The Child in You

RadioHazak readers say:

Phil Taussky writes on Wed, June 12:

This is the most interesting work by an Israeli artist in 208658243 years, and I think it comes at a time where it is most needed, maybe in a similair way that his early band 'benzin' smoothed the way for an open discussion of the Shoa.

It portrays Israeli society in a somewhat blunt and open manner, and more importantly, he points his finger at problematic issues, which Israeli society only reluctantly addresses. He is sort of saying: look this is the Israeli way and this seems to me to be the problem with it. And I think that Israel has had enough of this let's-do-it-and-we'll-see-what-happens-mentality. Poliker appears to be saying let's wait and think a momemt. Let's pause and reflect. These are points that were hardly touched upon by main-stream israeli musicians. People like Shalom Chanoch were basically political but Poliker is more concerned with society, he somwehat reminds me of Bruce Springsteen's latest album....But Maybe I am far off....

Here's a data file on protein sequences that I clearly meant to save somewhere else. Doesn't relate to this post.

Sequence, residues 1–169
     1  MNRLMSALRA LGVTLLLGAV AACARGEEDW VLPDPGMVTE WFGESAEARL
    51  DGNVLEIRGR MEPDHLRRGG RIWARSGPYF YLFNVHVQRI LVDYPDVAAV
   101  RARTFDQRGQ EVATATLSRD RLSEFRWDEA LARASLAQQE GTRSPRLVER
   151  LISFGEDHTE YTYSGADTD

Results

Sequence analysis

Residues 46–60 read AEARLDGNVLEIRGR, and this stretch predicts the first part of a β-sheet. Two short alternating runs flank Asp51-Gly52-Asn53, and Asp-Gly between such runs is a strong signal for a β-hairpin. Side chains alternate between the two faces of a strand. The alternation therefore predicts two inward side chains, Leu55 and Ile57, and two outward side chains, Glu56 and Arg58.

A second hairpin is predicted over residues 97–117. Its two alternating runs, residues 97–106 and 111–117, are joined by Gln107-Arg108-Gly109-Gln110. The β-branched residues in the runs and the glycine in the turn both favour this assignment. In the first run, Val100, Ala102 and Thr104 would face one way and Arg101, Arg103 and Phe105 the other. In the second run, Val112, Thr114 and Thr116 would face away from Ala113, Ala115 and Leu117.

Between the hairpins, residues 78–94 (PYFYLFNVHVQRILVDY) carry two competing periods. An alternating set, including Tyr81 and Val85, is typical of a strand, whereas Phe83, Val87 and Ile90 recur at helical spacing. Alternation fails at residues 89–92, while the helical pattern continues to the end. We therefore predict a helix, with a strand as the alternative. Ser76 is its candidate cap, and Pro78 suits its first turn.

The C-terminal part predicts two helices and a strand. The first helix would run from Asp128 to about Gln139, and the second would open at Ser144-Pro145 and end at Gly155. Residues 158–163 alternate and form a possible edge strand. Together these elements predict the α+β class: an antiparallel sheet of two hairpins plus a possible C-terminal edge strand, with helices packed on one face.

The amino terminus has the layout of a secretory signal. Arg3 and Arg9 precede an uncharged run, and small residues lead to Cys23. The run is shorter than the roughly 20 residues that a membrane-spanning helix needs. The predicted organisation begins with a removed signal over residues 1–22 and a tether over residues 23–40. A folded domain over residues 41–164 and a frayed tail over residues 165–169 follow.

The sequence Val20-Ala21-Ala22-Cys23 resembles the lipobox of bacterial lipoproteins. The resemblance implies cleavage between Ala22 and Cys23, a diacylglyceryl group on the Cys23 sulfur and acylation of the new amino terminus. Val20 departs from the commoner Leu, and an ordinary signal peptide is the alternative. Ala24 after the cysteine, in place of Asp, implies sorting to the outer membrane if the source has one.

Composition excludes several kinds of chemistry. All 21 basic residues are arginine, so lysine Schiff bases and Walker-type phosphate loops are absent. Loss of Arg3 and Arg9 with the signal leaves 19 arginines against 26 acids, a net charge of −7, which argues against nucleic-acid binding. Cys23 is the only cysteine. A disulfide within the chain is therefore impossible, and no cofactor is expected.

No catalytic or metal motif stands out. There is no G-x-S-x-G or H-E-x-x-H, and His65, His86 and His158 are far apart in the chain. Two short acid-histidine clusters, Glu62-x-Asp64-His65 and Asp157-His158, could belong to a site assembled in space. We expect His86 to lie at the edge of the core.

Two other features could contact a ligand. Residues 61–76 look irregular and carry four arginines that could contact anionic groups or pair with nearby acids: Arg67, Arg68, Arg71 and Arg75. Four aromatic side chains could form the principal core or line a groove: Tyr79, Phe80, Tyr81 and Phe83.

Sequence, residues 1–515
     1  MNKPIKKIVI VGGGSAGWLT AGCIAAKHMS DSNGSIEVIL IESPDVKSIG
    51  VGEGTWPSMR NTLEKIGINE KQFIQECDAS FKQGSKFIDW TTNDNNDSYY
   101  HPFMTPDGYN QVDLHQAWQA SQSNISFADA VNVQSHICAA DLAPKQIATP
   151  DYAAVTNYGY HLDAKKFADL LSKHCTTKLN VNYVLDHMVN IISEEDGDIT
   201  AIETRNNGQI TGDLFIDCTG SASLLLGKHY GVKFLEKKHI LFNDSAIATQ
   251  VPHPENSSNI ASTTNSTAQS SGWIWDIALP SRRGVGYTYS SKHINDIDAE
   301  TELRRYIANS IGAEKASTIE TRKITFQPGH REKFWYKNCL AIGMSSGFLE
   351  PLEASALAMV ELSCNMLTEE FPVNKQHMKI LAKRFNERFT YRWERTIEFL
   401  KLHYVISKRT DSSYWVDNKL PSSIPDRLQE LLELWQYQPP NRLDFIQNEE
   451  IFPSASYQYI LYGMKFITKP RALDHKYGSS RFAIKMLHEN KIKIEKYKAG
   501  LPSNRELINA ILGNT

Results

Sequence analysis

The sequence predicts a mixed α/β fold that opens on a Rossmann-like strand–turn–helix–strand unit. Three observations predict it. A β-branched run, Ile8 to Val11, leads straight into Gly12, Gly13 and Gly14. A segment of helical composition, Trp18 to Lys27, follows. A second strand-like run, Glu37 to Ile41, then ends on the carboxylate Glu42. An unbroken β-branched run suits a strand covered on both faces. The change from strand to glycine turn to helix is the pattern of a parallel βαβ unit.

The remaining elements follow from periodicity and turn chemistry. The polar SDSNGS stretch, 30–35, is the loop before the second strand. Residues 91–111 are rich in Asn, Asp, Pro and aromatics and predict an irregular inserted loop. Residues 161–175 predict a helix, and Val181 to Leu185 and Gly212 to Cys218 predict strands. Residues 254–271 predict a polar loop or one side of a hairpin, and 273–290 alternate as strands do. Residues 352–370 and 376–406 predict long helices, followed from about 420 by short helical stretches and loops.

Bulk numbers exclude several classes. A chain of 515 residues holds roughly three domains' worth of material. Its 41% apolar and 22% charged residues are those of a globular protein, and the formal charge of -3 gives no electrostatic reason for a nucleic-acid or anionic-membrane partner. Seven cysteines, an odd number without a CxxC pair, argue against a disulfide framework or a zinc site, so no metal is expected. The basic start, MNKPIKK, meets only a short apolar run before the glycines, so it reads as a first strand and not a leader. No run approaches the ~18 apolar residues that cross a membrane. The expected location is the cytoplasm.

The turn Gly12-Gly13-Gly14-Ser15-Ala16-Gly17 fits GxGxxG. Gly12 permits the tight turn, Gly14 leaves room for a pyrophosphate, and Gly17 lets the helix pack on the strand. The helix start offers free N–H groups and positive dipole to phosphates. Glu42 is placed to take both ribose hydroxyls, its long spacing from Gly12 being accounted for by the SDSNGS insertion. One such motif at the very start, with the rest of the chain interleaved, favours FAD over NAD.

But I think that these are values that are not so persistent in Israeli society, but after Rabin's assassination, I think, Israel will have to come to terms with its 'thoughtless' approach where you have people accusing the prime minister of treachery and when someone acts upon such notions everyone is surprised and unaware of the atmosphere that was created and which made such an act only possible....

Anyways, I hope rock-n-roll or music in general can change some of that and make things better. O save my soul, sweet rock-n-roll, cause I'm sinking fast.

Doron Ohel writes on Wed, 15 May 96:

"HaYeled Shebecha" is a truly great work of music and art. I don't think any other musician, Israeli or otherwise, can combine the new and the old, the Eastern and Western music, as Yehuda Poliker has.

Bari Tarmon writes on Sun, 28 Jan 96:

I believe this is a monumental work of greatness!

I love the variety he presents, the freshness of the sound, the terrific lyrics. I listen to this CD all the time. My favorite is "Cain." To label this album (as disco or otherwise) is to do it and its composer a disservice. Yehuda Poliker shows once again that he is a great musician, composer, poet and one of Israel's best talents today.


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